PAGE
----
Really fun, and then as I turned the last page, really sad. Not because the book is sad, but because this book is thematically the last of the series and I fight that notion. I just don’t want it to be over. Ever.
Which is why this book is an incredibly gracious way to end the series. Bujold, like Pratchett, is getting older. Miles Vorkosigan is getting older. Cryoburn takes place on an Asian-populated planet where people cryo-freeze their living instead of burying their dead. As a result, their society is falling apart. The local graffiti reads Burn the dead! meaning Stop blocking the door! It’s a pretty transparent gesture at Japan, where young people can’t get anywhere because the old salarymen refuse to retire. By the end of the book, Miles is a father of four and his days of going off-script are over.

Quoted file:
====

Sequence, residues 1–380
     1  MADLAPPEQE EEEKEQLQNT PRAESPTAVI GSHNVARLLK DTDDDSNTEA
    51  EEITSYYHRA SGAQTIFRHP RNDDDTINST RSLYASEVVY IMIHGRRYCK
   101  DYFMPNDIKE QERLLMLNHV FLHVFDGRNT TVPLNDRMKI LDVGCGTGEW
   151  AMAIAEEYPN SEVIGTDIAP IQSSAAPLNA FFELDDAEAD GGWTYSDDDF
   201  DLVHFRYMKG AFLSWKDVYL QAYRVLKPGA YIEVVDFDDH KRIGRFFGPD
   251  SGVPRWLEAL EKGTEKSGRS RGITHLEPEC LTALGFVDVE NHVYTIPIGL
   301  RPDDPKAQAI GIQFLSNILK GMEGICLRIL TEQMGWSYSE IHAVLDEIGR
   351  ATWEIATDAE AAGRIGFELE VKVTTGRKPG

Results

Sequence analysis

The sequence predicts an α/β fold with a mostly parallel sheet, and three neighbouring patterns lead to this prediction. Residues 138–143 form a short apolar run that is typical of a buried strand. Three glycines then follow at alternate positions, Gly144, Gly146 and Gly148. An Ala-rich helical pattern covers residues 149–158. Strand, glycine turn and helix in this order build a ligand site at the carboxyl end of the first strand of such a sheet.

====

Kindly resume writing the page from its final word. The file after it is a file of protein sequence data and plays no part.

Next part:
My favorite Vorkosigan books were about Miles’s heartbreaking adolescence and his wild years as Admiral Naismith, but Cryoburn insists that even fictional characters can’t stay put in any one stage of life. Unlike Sweet Valley High, there can’t be thirteen Christmases and seven proms. It’s sad to say good-bye, but at least Bujold is even-handed: Cordelia walked off the stage when Miles was born, and now Miles takes his final bow as well.
Will there ever be another book in this series? Bujold has written out-of-timeline before, so it’s possible. In my fantasies, there’s one more book out there for Elli Quinn.